08:07pm Tuesday 12 December 2017

UB cardiologist explains why snow can be dangerous for those with heart disease

University at Buffalo

BUFFALO, N.Y. – Cardiac deaths during this week’s storm have occurred not just while people are shoveling but while they have been using snowblowers as well.

Both snow-removal methods have their risks, says Anne B. Curtis, MD, Charles and Mary Bauer Professor and Chair of the Department of Medicine in the University at Buffalo School of Medicine and Biomedical Sciences and UB Distinguished Professor. She is one of the world’s leading clinical cardiac electrophysiologists and an expert in cardiac arrhythmias.

“Patients with coronary heart disease or heart failure should definitely not push themselves in this kind of weather,” says Curtis, who sees patients at UBMD Internal Medicine, where she also is president and chief executive officer. “The stress puts them at risk for a fatal heart rhythm problem, cardiac arrest.

“It’s out-of-the-ordinary stress that gets people, whatever they are doing,” she explains. “Many people are sedentary most of the time and not used to a lot of exertion. Shoveling is a lot of work and a risk for people with heart disease.

“A snow blower seems more benign, but then people are still out in the cold, may operate it for a longer period of time, and it still requires maneuvering it through a lot of snow,” she explains.

This storm, in particular, where some areas are dealing with 4 and 5 feet of snow or more, is especially dangerous.

“Snowblowing probably wouldn’t be an issue if someone was trying to remove 2-3 inches of snow from their driveway or sidewalk,” says Curtis. “However, I’ve seen people pushing snow blowers through much higher piles of snow on TV. That is difficult to do, and a stress on the body.”

Curtis plays a key role in developing national treatment guidelines for treating atrial fibrillation, a heart rhythm disorder that can cause fatigue, shortness of breath, exercise intolerance, and can even lead to heart failure. Her clinical research has significantly advanced knowledge of human cardiac electrophysiology and heart-rhythm abnormalities.
Media Contact Information

Ellen Goldbaum
News Content Manager, Medicine
Tel: 716-645-4605

Release Date: November 20, 2014

“A snow blower seems more benign, but then people are still out in the cold, may operate it for a longer period of time, and it still requires maneuvering it through a lot of snow.”
Anne Curtis, Charles and Mary Bauer Professor and Chair of the Department of Medicine
University at Buffalo
 

BUFFALO, N.Y. – Cardiac deaths during this week’s storm have occurred not just while people are shoveling but while they have been using snowblowers as well.

Both snow-removal methods have their risks, says Anne B. Curtis, MD, Charles and Mary Bauer Professor and Chair of the Department of Medicine in the University at Buffalo School of Medicine and Biomedical Sciences and UB Distinguished Professor. She is one of the world’s leading clinical cardiac electrophysiologists and an expert in cardiac arrhythmias.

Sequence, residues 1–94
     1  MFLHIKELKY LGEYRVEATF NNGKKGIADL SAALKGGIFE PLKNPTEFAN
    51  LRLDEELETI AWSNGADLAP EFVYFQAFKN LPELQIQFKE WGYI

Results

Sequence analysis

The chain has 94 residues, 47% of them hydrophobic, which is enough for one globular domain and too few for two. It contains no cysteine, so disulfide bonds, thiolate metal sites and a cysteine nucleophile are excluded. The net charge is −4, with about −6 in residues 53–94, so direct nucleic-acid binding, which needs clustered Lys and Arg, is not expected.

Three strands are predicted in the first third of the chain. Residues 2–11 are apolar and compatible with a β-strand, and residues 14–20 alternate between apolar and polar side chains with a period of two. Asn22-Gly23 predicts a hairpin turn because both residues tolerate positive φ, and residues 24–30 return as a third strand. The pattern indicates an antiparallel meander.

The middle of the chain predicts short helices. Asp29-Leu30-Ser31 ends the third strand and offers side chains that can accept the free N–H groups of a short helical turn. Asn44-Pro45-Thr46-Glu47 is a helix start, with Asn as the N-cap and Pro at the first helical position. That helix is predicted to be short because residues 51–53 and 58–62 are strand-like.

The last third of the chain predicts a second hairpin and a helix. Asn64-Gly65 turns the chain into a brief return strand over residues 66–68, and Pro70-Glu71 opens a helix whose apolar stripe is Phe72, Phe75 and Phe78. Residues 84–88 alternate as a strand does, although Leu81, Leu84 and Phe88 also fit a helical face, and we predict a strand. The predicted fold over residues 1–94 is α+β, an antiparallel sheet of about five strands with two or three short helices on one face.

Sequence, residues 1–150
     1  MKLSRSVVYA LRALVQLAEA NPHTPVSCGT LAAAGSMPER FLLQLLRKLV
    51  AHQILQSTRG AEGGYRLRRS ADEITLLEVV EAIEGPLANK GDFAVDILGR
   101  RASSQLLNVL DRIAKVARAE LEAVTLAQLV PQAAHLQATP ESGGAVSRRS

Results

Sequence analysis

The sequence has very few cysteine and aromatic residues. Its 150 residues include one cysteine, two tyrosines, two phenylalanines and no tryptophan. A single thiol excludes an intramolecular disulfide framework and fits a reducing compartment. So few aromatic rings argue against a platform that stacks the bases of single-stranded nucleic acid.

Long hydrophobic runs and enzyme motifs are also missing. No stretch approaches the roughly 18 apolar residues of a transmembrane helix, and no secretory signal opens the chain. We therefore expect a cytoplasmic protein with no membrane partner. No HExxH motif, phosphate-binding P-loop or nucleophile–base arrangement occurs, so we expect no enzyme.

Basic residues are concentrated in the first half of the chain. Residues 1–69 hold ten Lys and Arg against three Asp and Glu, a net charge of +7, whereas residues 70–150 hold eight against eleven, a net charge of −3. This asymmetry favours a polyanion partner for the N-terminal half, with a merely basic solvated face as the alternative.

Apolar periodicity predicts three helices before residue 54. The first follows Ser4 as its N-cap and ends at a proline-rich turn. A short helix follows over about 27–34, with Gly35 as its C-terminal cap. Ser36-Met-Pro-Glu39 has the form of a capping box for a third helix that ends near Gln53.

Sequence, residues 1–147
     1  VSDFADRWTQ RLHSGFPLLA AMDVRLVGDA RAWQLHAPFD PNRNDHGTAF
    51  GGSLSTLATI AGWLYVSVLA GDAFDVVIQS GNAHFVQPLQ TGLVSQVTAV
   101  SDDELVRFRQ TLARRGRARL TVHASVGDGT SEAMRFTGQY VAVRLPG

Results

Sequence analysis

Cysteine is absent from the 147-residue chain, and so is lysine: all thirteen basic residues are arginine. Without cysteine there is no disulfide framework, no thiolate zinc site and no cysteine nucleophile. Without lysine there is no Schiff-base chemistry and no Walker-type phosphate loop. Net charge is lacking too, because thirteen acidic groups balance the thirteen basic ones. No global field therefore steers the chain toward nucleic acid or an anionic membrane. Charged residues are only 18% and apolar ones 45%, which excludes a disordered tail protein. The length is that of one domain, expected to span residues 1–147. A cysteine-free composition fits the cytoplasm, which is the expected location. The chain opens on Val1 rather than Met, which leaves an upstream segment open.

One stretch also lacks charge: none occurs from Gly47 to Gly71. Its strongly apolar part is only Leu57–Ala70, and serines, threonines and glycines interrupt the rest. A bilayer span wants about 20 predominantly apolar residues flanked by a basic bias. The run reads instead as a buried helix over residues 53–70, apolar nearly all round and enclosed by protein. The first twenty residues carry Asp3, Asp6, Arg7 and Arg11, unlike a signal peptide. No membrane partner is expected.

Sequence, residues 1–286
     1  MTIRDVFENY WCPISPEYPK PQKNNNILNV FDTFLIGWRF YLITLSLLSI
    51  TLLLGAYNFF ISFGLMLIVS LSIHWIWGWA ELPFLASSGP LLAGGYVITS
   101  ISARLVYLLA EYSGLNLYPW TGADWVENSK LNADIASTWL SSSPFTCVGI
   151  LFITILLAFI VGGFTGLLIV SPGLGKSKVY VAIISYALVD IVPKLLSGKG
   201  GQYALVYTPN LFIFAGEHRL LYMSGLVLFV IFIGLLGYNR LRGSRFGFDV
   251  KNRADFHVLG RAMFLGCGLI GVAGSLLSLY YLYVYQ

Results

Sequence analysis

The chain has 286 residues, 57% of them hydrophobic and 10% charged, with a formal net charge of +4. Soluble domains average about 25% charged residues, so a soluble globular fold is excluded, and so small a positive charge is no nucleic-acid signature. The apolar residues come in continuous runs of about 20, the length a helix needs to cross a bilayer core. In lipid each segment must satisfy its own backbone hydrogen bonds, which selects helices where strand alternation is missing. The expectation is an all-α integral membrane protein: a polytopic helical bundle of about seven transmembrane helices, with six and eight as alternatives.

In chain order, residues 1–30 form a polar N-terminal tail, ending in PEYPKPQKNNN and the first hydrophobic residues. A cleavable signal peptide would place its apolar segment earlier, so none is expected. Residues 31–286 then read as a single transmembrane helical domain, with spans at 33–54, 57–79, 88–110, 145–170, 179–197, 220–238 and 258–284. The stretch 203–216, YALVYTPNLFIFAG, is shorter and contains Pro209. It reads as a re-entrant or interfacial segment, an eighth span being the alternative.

“Patients with coronary heart disease or heart failure should definitely not push themselves in this kind of weather,” says Curtis, who sees patients at UBMD Internal Medicine, where she also is president and chief executive officer. “The stress puts them at risk for a fatal heart rhythm problem, cardiac arrest.

“It’s out-of-the-ordinary stress that gets people, whatever they are doing,” she explains. “Many people are sedentary most of the time and not used to a lot of exertion. Shoveling is a lot of work and a risk for people with heart disease.

“A snow blower seems more benign, but then people are still out in the cold, may operate it for a longer period of time, and it still requires maneuvering it through a lot of snow,” she explains.

This storm, in particular, where some areas are dealing with 4 and 5 feet of snow or more, is especially dangerous.

“Snowblowing probably wouldn’t be an issue if someone was trying to remove 2-3 inches of snow from their driveway or sidewalk,” says Curtis. “However, I’ve seen people pushing snow blowers through much higher piles of snow on TV. That is difficult to do, and a stress on the body.”

Curtis plays a key role in developing national treatment guidelines for treating atrial fibrillation, a heart rhythm disorder that can cause fatigue, shortness of breath, exercise intolerance, and can even lead to heart failure. Her clinical research has significantly advanced knowledge of human cardiac electrophysiology and heart-rhythm abnormalities.

 

Media Contact Information

Ellen Goldbaum
News Content Manager, Medicine
Tel: 716-645-4605

– See more at: http://www.buffalo.edu/news/releases/2014/11/030.html#sthash.IKSxlZwO.dpuf


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